Empty Networking

Authentic relationships take time to build

There are 756 million active users on LinkedIn, and half of them want to meet for a virtual coffee! I regularly get requests, and in the past, I would have thought this strange because I don’t know the majority of these people. It’s like bumping into a stranger on the street and asking, “Hey, how about a quick coffee?”

You don’t want to be rude, but no, I’m not interested in meeting for the sake of meeting. I’m sure you’re a terrific person, but I just don’t have the time. And neither do you!

But then I remind myself, that a stranger is just a friend I’ve not yet met!

And unless we’re prepared to push ourselves outside our comfort zones, we limit growing both in knowledge and experience through the connection with others. This is something I’ve recently learnt and embraced through the course – Unlocking The Power of Digital Networking.

You do still need to be aware of carrying out “empty networking” (ie: connecting with anyone and everyone), which might feel beneficial the moment you hit send but will ultimately leave you right where you started — no closer to making a relevant connection or reaching your goals.

Get Strategic and Tactical

Anyone doing important work does not have time for endless connecting. That’s because it rarely adds value. It is more about trying to find something to do than knowing what exactly you should be doing. (This is where I’d recommend you ‘Get Strategic and Tactical in Networking’)

Don’t get me wrong, there is immense value in building a network of contacts, and who knows whom they know? There can be unforeseen opportunities waiting through their LinkedIn connections. But when I am grappling with a particular issue, I rarely find the solution with an individual who is more or less a stranger. In reality, I go to my established network of trusted contacts and advisors! And if I need specific expert advice that no one I know has, I look to those same trusted individuals to recommend people in their network to me, and ask for an introduction.

Building a meaningful network is not about attending unstructured networking events or clocking up the most LinkedIn connections. It requires relationships — and those take hard work, dedication, and time to build and nuture.

These types of relationships are typically developed with people that have proven to be dependable. And it often takes years to forge those lasting bonds and fortify mutual trust. However, if you’re prepared to put in the groundwork and effort to go deep – you will find valuable people you already know who are only too happy to help when you ask.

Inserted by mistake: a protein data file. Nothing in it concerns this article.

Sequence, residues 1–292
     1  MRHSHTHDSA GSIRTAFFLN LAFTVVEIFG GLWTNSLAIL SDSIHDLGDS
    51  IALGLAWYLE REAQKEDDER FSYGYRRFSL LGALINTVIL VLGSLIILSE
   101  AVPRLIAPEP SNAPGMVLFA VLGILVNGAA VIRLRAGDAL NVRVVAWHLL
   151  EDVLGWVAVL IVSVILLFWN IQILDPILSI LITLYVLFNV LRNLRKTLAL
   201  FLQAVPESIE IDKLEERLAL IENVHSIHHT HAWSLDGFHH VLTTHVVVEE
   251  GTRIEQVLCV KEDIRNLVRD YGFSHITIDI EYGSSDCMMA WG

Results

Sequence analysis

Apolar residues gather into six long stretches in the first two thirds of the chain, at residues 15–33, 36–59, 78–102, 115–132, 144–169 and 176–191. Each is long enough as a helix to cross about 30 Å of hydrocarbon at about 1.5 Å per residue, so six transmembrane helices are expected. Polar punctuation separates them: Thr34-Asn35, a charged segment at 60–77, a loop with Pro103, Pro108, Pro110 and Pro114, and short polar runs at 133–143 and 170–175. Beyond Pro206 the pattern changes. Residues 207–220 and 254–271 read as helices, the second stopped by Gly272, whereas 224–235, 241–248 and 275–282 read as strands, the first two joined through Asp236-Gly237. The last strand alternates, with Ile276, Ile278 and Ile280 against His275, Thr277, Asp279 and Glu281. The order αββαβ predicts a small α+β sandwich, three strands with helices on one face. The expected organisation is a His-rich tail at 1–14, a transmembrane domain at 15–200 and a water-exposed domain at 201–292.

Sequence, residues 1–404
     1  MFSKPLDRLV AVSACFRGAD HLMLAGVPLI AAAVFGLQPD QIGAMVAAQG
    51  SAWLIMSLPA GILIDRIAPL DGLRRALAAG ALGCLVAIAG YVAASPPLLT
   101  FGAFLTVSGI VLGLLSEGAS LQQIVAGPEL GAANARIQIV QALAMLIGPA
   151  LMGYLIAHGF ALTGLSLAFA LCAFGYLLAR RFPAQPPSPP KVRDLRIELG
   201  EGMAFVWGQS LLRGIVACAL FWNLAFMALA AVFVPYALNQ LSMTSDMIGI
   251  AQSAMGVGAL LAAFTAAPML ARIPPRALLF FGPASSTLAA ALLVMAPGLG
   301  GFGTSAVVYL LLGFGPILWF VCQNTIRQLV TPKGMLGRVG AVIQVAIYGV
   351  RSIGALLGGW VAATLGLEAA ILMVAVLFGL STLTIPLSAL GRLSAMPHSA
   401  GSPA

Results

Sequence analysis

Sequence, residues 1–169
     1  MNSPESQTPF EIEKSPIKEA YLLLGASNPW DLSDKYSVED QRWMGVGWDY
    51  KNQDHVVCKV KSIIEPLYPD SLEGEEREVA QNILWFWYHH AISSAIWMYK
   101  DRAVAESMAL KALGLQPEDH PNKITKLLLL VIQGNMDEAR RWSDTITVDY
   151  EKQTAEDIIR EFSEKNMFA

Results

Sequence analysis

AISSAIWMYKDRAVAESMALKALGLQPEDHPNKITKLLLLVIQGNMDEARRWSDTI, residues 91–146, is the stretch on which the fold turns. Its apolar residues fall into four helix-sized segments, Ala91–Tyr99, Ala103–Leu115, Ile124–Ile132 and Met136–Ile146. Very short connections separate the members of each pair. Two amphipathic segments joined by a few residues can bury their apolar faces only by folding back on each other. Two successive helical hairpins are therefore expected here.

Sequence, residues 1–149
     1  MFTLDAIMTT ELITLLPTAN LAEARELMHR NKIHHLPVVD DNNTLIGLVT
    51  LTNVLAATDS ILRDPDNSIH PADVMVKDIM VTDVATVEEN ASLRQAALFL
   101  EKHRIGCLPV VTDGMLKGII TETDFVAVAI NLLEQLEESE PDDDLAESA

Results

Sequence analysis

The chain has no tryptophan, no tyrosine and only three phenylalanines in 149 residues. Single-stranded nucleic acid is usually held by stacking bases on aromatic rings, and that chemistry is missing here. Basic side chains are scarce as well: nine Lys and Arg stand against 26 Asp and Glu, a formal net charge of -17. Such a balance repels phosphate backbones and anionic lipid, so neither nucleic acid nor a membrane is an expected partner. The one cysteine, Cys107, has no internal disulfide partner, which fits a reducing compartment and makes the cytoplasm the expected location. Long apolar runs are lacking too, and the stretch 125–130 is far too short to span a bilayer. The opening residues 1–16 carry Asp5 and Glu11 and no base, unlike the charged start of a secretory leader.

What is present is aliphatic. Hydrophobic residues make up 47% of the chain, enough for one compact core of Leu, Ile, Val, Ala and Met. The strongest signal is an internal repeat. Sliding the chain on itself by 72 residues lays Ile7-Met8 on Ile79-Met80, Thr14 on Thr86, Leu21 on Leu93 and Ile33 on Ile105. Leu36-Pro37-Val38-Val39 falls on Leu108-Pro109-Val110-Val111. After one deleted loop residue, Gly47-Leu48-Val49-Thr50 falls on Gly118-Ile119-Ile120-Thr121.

5 Tips to Avoid Empty Networking:

1. Be Purposeful
When you need to ask for help, put considered thought behind your ask. requests should be clear, meaningful, and directed at the right person with whom you know or a trusted contact knows. Sending a random request to a random person will likely get you ignored, marked as spam or worse, labelled a ‘taker’ not a ‘giver’!

2. Abandon your ego
You may think you need to elaborate on achievements or act differently to build your network. How is that helping anyone? At The Networking Hub, one of our fundamental values is open and honest communication. We develop meaningful relationships as a result. Take this approach, and you will naturally develop close connections.

3. Invest in your network
Too often, we look outside our network of trusted connections for growth, when our greatest assets are the people we liaise with on a regular basis. Nurture those relationships. Prove to them that you are a valued and trustworthy contact. Over time, you will develop lasting relationships. So when you do need a favour someday, it will be an easy ASK.

4. Act quickly
If you reach out to someone for help and they respond, get back to them right away. Do not schedule a lunch or coffee later – that only delays deepening the relationship. Or, if you are on the receiving end of a request that you cannot help with, quickly let the asker know so they can go elsewhere. Either way, they will appreciate your responsiveness and think of you in the future.

5. Reciprocate
Look for valuable ways to help your connections or those who have helped you in the past. Could they benefit from an introduction or some constructive feedback? Maybe there is an opportunity you can share? Remember that building a strong network goes both ways – you have to invest to get back.

I am sure I would enjoy meeting with you if we’ve not met already. You probably have a lot to bring to this conversation and I look forward to hearing your comments.

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